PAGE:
April 21, 2020  |  

Megaphylogeny resolves global patterns of mushroom evolution.

Authors: Varga, Torda and Krizsán, Krisztina and Földi, Csenge and Dima, Bálint and Sánchez-García, Marisol and Sánchez-Ramírez, Santiago and Szöllosi, Gergely J and Szarkándi, János G and Papp, Viktor and Albert, László and Andreopoulos, William and Angelini, Claudio and Antonín, Vladimír and Barry, Kerrie W and Bougher, Neale L and Buchanan, Peter and Buyck, Bart and Bense, Viktória and Catcheside, Pam and Chovatia, Mansi and Cooper, Jerry and Dämon, Wolfgang and Desjardin, Dennis and Finy, Péter and Geml, József and Haridas, Sajeet and Hughes, Karen and Justo, Alfredo and Karasinski, Dariusz and Kautmanova, Ivona and Kiss, Brigitta and Kocsubé, Sándor and Kotiranta, Heikki and LaButti, Kurt M and Lechner, Bernardo E and Liimatainen, Kare and Lipzen, Anna and Lukács, Zoltán and Mihaltcheva, Sirma and Morgado, Louis N and Niskanen, Tuula and Noordeloos, Machiel E and Ohm, Robin A and Ortiz-Santana, Beatriz and Ovrebo, Clark and Rácz, Nikolett and Riley, Robert and Savchenko, Anton and Shiryaev, Anton and Soop, Karl and Spirin, Viacheslav and Szebenyi, Csilla and Tomšovský, Michal and Tulloss, Rodham E and Uehling, Jessie and Grigoriev, Igor V and Vágvölgyi, Csaba and Papp, Tamás and Martin, Francis M and Miettinen, Otto and Hibbett, David S and Nagy, László G

Mushroom-forming fungi (Agaricomycetes) have the greatest morphological diversity and complexity of any group of fungi. They have radiated into most niches and fulfil diverse roles in the ecosystem, including wood decomposers, pathogens or mycorrhizal mutualists. Despite the importance of mushroom-forming fungi, large-scale patterns of their evolutionary history are poorly known, in part due to the lack of a comprehensive and dated molecular phylogeny. Here, using multigene and genome-based data, we assemble a 5,284-species phylogenetic tree and infer ages and broad patterns of speciation/extinction and morphological innovation in mushroom-forming fungi. Agaricomycetes started a rapid class-wide radiation in the Jurassic, coinciding with the spread of (sub)tropical coniferous forests and a warming climate. A possible mass extinction, several clade-specific adaptive radiations and morphological diversification of fruiting bodies followed during the Cretaceous and the Paleogene, convergently giving rise to the classic toadstool morphology, with a cap, stalk and gills (pileate-stipitate morphology). This morphology is associated with increased rates of lineage diversification, suggesting it represents a key innovation in the evolution of mushroom-forming fungi. The increase in mushroom diversity started during the Mesozoic-Cenozoic radiation event, an era of humid climate when terrestrial communities dominated by gymnosperms and reptiles were also expanding.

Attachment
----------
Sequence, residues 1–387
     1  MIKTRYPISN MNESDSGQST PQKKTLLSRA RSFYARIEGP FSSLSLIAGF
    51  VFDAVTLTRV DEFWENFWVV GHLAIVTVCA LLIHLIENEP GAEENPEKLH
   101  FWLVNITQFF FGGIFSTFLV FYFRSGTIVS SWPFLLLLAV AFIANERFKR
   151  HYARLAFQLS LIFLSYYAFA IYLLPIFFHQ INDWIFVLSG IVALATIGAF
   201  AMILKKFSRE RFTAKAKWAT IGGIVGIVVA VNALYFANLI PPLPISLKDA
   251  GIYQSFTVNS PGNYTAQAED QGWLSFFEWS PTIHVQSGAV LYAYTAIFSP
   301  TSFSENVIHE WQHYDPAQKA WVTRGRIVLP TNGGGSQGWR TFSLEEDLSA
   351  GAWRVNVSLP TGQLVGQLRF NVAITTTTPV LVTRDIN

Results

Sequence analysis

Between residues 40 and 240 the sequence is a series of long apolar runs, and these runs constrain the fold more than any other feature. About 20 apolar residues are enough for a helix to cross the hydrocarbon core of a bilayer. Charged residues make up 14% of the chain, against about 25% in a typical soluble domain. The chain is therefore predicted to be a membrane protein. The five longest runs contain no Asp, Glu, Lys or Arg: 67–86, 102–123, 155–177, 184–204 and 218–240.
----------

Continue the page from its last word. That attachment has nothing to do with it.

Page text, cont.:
Journal: Nature ecology & evolution
DOI: 10.1038/s41559-019-0834-1
Year: 2019

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